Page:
TS Heatronics NCU-1000 Pentium 4 Heatsink Review
There have been very few entirely passive heatsinks across this test bench -
perhaps only five since we began reviewing heatsinks in 1999... What really makes the TS
Heatronics NCU-1000 stand out, is that it is an
entirely passive heatsink for the Intel Pentium 4 processor (max. 2.8GHz). The
NCU-1000 (care of Scythe Co.) does not come with a fan, but nor is there any place on the heatsink to
actually attach one
should you decide to add a fan of your own. Instead,
the NCU-1000 makes use of the airflow that already exists within a
computer case to keep itself, and the processor below, cool.
A distinction which needs to be made early on
is that while this is technically a 'zero noise' heatsink - a cooler which in
and of itself produces exactly 0 dBA of noise - it cannot operate without some
degree of airflow within the computer enclosure. So whether that airflow comes
in the form of convection currents, or more likely, from the intake and exhaust
fans of a powersupply and case, the heatsink needs some degree of air moving
over its folded aluminum fins in order for it to work.
you could think of this way, while the TS Heatronics
requires no direct cooling, or noisy fan, it does indeed need the
airflow generated by them to operate within comfortable temperature levels.
For the purposes of this review, we will be
using a single 92mm x 92mm low-noise Zalman fan set at 6" and 12" distances
from the TS Heatronics NCU-1000 heatsink, to replicate typical computer case air
flow in an impingement fashion. I can tell you right now, the temperature
results we saw were not at all what we expected to see from a passive
Sold By: ScyThe Co
- Model: NCU-1000
Material: Aluminum fins, Heatpipe, Copper base, stainless steel
- Fan Dim: none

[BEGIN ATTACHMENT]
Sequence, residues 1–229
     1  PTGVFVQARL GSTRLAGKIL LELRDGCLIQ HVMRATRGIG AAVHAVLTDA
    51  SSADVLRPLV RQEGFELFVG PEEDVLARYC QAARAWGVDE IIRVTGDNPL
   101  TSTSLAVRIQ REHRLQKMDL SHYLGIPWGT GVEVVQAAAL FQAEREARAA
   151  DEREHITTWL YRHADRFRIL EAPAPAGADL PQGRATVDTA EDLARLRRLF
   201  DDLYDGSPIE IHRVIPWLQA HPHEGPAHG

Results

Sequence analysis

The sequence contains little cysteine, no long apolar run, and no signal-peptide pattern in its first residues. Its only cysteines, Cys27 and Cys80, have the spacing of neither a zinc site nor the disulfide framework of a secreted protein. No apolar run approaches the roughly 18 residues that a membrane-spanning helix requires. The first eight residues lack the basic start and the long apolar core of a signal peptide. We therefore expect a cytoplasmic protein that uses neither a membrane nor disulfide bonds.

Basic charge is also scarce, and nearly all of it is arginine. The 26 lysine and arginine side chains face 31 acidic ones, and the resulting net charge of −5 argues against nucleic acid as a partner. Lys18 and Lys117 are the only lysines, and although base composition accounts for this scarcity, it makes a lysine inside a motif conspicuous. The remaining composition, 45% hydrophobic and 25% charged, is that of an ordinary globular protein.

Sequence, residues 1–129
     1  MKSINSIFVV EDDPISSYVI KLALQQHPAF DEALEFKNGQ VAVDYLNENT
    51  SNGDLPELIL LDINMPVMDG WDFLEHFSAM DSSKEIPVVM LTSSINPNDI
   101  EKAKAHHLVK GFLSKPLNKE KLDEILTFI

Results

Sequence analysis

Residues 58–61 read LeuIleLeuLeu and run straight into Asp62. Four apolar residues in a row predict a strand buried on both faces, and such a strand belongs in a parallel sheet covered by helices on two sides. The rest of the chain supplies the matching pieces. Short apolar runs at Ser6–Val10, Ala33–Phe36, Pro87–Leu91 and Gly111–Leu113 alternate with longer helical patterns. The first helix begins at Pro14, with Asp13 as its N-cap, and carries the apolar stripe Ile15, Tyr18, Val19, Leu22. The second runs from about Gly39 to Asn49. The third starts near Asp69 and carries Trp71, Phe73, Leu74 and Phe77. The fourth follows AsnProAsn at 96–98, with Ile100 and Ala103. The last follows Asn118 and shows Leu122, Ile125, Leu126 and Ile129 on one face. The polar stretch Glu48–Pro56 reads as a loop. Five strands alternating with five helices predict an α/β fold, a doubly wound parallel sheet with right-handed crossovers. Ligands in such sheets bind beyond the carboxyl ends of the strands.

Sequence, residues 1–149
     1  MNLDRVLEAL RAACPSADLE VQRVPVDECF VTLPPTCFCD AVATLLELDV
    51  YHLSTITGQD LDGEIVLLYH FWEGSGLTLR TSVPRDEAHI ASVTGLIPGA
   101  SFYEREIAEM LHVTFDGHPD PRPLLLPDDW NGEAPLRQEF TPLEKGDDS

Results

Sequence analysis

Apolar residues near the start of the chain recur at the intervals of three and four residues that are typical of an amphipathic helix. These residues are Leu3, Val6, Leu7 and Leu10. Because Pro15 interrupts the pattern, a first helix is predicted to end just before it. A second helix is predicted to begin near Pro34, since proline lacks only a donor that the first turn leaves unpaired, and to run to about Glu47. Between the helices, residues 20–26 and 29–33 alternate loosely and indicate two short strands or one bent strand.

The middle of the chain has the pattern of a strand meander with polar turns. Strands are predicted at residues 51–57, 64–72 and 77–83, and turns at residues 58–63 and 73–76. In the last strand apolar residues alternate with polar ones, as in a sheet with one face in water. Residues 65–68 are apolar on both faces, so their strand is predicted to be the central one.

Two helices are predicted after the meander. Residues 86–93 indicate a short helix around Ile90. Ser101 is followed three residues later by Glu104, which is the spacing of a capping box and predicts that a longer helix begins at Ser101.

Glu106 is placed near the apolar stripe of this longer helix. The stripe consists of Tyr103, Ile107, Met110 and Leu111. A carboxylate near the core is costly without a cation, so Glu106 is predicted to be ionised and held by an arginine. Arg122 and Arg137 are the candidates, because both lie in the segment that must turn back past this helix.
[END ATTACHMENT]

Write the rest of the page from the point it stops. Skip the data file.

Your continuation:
- FHS Dimensions: 145x108x60mm
- Weight: 615gram
- Made by: TSHeatronics
comes unassembled, and packed rather neatly in a small box. Because of the way
the cooler is attached, you will need to remove you entire motherboard to
install this heatsink. A stainless steel backplate, insulating layer, long
screws, and several other parts are included to ensure the heatsink stays firmly
in place once installed.
The first step once all the parts are laid out is to
assemble the upper heatsink portion which consists of the thick copper base
plate, a stainless steel retention plate, and the "U" shaped heatpipe component.
If you don't take a few minutes to read the instructions,
right about here is where you can seriously muck up the entire installation
procedure. The reason is pretty simple, the copper base plate will accept the
heatpipe in one of two ways, each 90 degrees to the other. Depending on how the
Pentium 4 socket is oriented on the motherboard in your PC, the heatpipe will be
oriented in one of those two ways.
Always, the fins of the NCU-1000 heatsink must be
vertical, pointing straight up and down, in order to take advantage of the air
currents within the PC case. How the NCU-1000 actually stays cool without a fan
is what will discuss next...